• testicular carcinoma;
  • germ cell tumor;
  • recurrence;
  • late recurrence;
  • follow-up



Testicular germ cell tumors are highly curable. However, 10–30% of patients have recurrence after initial treatment. The time–course of recurrence has implications for the duration of follow-up. This study was undertaken to assess the risk and time–course of recurrence and to identify patients at higher risk of late recurrence.


The records of 1263 patients with primary testicular germ cell tumors presenting to the Royal Marsden Hospital between December 1979 and December 1993 were reviewed. In all, 255 episodes of recurrence were documented (including 44 patients with multiple recurrences) and used to calculate recurrence-free survivals.


Fifty-three patients (15 seminomas; 38 nonseminomatous germ cell tumors [NSGCT]) had recurrence more than 2 years after initial presentation. A multivariate analysis of risk of recurrence after 2 years identified positive markers at presentation and the presence of differentiated teratomas in postchemotherapy surgical specimens as significant predictors. Very late recurrence (> 5 years) occurred mainly in patients with metastatic NSGCT (12 of 14 patients) with a 1% annual risk of recurrence between 5 and 10 years. Very late recurrence was also seen in one case of metastatic seminoma and one case of Stage I NSGCT managed by surveillance. Most late recurrences (n = 9) were detected at routine annual follow-up visits but five had recurrences with symptoms leading to an unscheduled clinic visit.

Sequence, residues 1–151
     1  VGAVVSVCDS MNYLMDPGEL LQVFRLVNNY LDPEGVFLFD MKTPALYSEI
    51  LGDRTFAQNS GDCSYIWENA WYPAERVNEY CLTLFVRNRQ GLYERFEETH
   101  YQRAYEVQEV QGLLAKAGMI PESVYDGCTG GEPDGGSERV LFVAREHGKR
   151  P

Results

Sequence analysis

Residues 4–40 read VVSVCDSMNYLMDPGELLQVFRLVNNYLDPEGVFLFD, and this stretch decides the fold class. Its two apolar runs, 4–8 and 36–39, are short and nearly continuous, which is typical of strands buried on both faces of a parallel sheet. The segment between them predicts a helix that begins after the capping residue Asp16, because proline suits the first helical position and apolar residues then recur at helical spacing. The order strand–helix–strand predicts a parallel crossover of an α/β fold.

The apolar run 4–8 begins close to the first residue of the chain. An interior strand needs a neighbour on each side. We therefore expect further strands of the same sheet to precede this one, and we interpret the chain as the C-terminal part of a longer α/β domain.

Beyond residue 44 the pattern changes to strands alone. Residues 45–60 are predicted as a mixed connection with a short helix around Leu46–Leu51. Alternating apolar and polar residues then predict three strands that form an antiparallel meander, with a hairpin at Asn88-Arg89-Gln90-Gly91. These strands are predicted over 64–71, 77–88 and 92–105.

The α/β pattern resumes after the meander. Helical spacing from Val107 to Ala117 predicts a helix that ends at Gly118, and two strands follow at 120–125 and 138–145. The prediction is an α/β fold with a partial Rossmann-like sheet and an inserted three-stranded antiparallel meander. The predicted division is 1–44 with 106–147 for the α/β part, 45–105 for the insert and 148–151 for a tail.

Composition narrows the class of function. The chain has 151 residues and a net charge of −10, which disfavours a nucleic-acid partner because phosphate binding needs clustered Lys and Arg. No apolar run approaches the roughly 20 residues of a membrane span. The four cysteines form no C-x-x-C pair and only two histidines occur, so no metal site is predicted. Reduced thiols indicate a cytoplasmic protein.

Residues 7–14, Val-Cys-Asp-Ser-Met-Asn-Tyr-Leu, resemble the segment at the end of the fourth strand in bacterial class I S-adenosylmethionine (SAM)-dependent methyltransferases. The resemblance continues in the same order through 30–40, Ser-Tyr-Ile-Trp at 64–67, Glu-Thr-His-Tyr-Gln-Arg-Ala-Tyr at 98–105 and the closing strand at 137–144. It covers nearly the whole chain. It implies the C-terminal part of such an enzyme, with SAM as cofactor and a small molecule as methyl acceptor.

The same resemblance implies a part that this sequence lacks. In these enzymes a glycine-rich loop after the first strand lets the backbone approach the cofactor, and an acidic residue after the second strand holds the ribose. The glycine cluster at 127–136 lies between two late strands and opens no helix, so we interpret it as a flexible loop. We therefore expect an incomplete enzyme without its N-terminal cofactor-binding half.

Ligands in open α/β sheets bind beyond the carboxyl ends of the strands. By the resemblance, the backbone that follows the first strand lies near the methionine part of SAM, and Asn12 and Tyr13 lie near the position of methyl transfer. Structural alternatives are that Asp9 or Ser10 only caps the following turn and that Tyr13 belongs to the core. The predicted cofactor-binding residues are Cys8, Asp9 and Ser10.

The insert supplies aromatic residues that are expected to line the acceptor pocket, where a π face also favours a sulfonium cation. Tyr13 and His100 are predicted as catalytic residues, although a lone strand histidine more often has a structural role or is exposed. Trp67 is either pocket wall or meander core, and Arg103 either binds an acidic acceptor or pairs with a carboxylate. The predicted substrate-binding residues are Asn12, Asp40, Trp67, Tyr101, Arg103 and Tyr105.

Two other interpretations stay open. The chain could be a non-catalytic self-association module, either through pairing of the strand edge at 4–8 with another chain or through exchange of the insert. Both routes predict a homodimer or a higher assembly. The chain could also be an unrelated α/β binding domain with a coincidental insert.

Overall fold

Late recurrences are rare in patients with testicular germ cell tumors and follow-up to detect recurrence may not be needed after 5 years, except in those presenting with metastatic NSGCTs. Cancer 2002;95:520–30. © 2002 American Cancer Society.

DOI 10.1002/cncr.10691